Roald Dahl once said, “those who don’t believe in magic will never find it”, however Cornwall is a place where you’ll find magical things around every corner. Tales of mermaids, Cornish piskies and knockers are deeply entwined with our heritage, and you’ll find folklore familiar to every village you visit in the south west. For many people, these tales are far more than just stories, and you’ll find evidence of the existence of magic carved into the rocks in Tintagel, the church benches in Zennor and the caves in Crantock… Read on to find out about some of our favourite ghostly goings on and local legends along the Cornish coast.
The Mermaid of Padstow
The Doom Bar is a stretch of sand that runs through the middle of the Padstow Estuary that is exposed at low tide. We can watch the tide pass over it from the terrace of Greens – but this local legend makes the sand bar seem a little sinister…
There are a few different tales around the Doom Bar, but they all tell of a siren, who called the estuary her home, before she was killed by a local sailor. Some say he was in love with her but she refused his affections, others say he mistook her for a seal, however each tale says that just before she died, she whipped up a terrible storm and cursed the estuary. This weather brought with it the sand that formed the Doom Bar which causes strong rip currents and can wreck unsuspecting ships.
Crantock Cave Carvings
Crantock beach, located on the south side of popular Newquay, is a beautiful spot for surfing, swimming, fishing and sunbathing. It is also home to the mysterious cave carvings for a lover lost to sea…
These amazing carvings were etched into the rock by a heartbroken young man, when his lover and her horse were lost to sea when they were suddenly cut off by the tide. He wandered the beach, praying for her return, but she was never seen again. The cave where the carvings can be found is said to be where he would wait for her to return and they stand as a constant reminder of his love for her.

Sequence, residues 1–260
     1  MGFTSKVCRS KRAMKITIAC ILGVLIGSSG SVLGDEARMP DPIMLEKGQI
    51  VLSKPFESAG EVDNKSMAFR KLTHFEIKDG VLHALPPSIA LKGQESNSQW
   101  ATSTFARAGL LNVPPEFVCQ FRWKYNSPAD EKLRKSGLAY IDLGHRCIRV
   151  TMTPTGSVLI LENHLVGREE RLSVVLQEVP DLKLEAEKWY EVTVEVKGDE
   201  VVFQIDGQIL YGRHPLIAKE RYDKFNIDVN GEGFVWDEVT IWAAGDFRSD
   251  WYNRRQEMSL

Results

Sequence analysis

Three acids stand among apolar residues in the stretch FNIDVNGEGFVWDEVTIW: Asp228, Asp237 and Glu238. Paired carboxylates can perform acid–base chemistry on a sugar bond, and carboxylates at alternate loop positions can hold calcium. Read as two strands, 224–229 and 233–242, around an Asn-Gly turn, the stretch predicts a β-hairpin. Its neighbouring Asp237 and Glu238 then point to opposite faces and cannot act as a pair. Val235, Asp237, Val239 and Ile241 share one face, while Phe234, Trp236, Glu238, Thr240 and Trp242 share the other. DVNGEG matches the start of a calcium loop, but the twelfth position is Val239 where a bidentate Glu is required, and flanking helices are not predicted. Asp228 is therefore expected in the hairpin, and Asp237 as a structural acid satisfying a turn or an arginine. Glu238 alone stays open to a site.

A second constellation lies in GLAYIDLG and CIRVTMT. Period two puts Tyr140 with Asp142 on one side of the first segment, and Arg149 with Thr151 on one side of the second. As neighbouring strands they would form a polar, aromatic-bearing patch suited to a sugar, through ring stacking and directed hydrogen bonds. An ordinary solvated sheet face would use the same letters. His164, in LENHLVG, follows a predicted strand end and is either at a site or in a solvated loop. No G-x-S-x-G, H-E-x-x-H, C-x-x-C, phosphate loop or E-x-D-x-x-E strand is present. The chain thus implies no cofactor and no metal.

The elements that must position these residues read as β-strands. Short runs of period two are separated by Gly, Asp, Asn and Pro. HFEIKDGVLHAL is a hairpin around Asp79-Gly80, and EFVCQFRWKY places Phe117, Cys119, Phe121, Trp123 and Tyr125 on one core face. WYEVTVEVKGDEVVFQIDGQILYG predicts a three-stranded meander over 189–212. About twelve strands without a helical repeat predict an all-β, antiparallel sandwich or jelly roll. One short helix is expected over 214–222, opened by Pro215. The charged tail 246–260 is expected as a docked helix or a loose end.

The tale of Mother Ivey tells of a spooky spell that was cast on a local family from Harlyn. The story goes that this family of pilchard farmers refused to feed the starving people of Padstow with their left over catch, and instead chucked the fish back into the sea. Mother Ivey couldn’t believe the greed of the family and showed her wrath by cursing the farm they owned. The spell caused much misfortune and the farmers even asked a local priest to exorcise the land!
You can feel the magic of Mother Ivey all over the headland at Trevose, where beautiful wild flowers grow and the sunsets are unmatchable.
The Labyrinths at Rocky Valley
The area around Tintagel is famous for King Arthur and his knights of the round table – but many people also visit north Cornwall to feel the magic of St. Necturn’s Glen and walk along the river at the Rocky Valley. This particular valley is home to two mills, that were once powered by the force of the river. One mill has been converted into a home, but the other, an 18th century building known as Trethevy Mill that produced cloth and yarn until 1861, is now only a crumbling remain. However, this beautiful derelict building holds an unexplained mystery. There are two labyrinth patterns carved into the rock face alongside the mill that no one can explain. It is unknown who carved these patterns; whether they are from Celtic times in the Iron Age, 4000 years ago during the Bronze Age or were more recently carved by the previous mill owners in the 1800’s. As the area is saturated in magical tales, fairy stories and ghostly happenings, there are many theories around the labyrinth patterns – some believe they were carved by witches to induce states of altered consciousness… Spooky!
Cornwall is a magical place and we hope these tales have convinced you to unleash your inner child, explore the coastline and let your imagination run wild – we’d also highly recommend mermaid watching from our sunny terrace this summer…